Eli Malone will never forget his fifth birthday party.
It was the day Wynnewood police officer Josh Franklin shot his dog, Opie, then went to his car to get an AR-15 semi-automatic rifle and shot him again.
The Malone family and Eli’s friends had just come inside for cake and ice cream when they heard a loud noise. Eli noticed his dog was on the ground, within the Malone’s fenced-in yard, struggling to breathe.
“There’s something wrong with Opie,” Eli yelled.
Opie, a 3-year-old American bulldog, had been shot by Officer Franklin, over the fence. Franklin claimed that he had to shoot the dog to protect himself, but the Malone family doesn’t believe him.
“The dog cannot jump the fence,” said Eli’s mother, Vickie Malone. “The gates to our yard are tied with wire and shoe string. The dog could maybe have gotten his head through the fence but he wouldn’t have been able to open it.”
In shock, and tears, the partygoers then saw the police officer walk back to his car, pull out an AR-15 assault rifle, shoot the dog a second time, and drive off.
“He walks slowly out to his car gets an AR-15 and points it at the dog and pulls the trigger,” said Rio Youngblood, Opie’s owner and Eli’s brother. “He fires another round and it ended my dog’s life. He lowered his head and drove off.”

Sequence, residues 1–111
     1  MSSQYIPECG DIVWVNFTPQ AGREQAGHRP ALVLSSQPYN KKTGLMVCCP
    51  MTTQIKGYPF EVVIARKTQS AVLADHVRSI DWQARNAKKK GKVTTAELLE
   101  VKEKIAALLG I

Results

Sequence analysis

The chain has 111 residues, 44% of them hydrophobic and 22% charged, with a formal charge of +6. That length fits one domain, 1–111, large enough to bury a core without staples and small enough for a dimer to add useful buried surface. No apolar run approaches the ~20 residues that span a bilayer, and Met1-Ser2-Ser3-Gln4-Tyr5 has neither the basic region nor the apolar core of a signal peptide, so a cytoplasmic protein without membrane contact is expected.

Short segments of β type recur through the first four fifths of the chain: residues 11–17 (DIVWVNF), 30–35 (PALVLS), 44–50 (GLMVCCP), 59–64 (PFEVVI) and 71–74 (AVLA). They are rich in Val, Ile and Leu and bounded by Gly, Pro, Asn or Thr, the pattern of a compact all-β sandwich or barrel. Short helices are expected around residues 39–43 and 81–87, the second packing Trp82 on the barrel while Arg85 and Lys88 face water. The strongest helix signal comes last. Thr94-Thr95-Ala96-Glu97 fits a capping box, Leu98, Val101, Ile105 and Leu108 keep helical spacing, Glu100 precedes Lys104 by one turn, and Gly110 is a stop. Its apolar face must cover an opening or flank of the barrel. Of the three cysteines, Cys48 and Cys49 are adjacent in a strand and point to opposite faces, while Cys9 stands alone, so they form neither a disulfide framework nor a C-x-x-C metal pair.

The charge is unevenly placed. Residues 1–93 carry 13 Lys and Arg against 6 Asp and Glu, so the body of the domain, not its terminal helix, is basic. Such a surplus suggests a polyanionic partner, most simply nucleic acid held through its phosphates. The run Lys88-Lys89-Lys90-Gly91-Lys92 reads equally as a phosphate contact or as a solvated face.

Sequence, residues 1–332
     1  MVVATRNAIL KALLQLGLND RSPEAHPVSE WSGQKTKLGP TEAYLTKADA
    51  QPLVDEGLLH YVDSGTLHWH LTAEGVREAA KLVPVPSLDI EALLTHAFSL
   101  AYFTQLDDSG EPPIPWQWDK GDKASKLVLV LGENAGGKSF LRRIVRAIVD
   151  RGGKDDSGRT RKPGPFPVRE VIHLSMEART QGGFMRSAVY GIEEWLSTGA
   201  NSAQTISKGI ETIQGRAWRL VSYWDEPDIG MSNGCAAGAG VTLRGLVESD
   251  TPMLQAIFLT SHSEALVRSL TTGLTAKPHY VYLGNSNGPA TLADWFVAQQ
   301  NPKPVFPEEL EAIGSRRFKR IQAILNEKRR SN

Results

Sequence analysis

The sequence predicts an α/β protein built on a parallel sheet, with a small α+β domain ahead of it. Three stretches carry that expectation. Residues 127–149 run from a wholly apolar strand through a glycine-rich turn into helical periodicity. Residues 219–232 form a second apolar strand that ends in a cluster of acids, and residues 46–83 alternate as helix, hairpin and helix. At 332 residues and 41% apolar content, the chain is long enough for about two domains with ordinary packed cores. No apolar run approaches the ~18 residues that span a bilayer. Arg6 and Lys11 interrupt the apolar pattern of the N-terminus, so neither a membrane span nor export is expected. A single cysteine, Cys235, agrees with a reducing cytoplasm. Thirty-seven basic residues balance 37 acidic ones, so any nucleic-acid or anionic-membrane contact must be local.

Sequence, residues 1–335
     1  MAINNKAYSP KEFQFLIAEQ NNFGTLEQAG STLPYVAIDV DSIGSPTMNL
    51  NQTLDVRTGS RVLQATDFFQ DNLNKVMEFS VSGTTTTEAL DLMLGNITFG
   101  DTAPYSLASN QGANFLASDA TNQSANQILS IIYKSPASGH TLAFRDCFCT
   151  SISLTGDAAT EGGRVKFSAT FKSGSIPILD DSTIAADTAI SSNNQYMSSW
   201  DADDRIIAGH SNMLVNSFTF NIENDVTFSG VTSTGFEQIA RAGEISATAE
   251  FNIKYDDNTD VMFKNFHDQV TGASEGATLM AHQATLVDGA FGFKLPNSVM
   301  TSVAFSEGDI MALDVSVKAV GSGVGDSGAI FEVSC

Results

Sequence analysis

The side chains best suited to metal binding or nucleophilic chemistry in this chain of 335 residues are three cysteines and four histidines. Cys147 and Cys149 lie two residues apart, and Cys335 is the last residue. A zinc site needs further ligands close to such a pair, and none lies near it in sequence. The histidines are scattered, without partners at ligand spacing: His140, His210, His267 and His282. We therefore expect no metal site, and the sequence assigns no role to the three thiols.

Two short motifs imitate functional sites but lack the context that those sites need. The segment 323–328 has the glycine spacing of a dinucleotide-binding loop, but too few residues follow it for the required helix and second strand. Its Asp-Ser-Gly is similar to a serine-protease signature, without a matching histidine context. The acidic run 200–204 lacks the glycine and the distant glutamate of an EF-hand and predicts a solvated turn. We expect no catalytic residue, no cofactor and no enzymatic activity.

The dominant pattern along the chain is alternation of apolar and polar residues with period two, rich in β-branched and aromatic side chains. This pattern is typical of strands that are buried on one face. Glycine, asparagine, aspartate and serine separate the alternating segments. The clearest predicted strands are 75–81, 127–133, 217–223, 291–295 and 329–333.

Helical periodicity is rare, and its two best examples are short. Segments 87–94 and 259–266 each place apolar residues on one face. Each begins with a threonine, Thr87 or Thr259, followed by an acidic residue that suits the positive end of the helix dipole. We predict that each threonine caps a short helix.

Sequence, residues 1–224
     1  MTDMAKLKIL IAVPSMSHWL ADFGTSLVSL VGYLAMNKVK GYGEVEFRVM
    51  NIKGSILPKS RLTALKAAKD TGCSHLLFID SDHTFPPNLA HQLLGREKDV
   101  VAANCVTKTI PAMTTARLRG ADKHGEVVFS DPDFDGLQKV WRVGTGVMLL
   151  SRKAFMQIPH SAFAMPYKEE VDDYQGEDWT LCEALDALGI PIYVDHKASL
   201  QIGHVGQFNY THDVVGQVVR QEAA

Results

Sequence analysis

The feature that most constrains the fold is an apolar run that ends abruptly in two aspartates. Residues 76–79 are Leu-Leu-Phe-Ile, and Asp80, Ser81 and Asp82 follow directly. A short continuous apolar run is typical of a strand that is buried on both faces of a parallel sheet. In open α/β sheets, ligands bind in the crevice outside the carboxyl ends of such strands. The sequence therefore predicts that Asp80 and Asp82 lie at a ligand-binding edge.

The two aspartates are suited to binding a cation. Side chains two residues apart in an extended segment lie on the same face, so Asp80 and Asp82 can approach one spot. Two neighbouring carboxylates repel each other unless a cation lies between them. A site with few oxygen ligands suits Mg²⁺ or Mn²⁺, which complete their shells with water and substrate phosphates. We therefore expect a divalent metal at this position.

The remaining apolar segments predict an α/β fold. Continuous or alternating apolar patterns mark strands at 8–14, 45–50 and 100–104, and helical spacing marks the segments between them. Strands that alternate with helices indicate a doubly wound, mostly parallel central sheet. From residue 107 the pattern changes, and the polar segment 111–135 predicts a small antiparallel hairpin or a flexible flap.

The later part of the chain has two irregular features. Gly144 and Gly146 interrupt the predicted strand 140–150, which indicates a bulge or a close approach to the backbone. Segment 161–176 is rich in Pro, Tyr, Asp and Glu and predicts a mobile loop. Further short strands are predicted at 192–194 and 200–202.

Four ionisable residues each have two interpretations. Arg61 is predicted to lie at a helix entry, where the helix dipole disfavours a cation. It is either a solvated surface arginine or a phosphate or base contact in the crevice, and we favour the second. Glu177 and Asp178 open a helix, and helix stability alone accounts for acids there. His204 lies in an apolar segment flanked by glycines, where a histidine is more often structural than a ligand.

Officer Franklin arrived on the scene with a warrant for the address related to a man named Shon McNiel. While McNiel did not live there, and possibly hadn’t for 10 years, Wynnewood Police Chief Ken Moore backed up Franklin’s actions. He relayed Franklin’s story to the press, that Opie had attacked him and had to be kicked off his leg near the Malone’s house. Images of Opie’s lifeless body show the dog near the fence, where he was first shot.
The Malones say Opie was great with children, a lovable friend who would run around and play games with the family. They now have to deal with his death and the effects of witnessing the violent act that caused it.
“The dog [had lain] under a towel for over an hour before another officer showed up to take our statements,” Malone said. “The kids were all watching through the window.”
Malone says the younger children are now afraid to play outdoors, and miss Opie very much. Eli even made a wooden cross to remember his friend, signed by family and friends.
“I respect what the police do, but this was senseless, but he didn’t show any remorse and didn’t even act like he was sorry or anything,” she said.
Incidents involving pets and law enforcement are often heartbreaking and leave many questions. When Tiffanie Hupp saw an officer take aim at her dog, she intervened, and was arrested for it. But that’s not the end of her story. Follow this link to read more.
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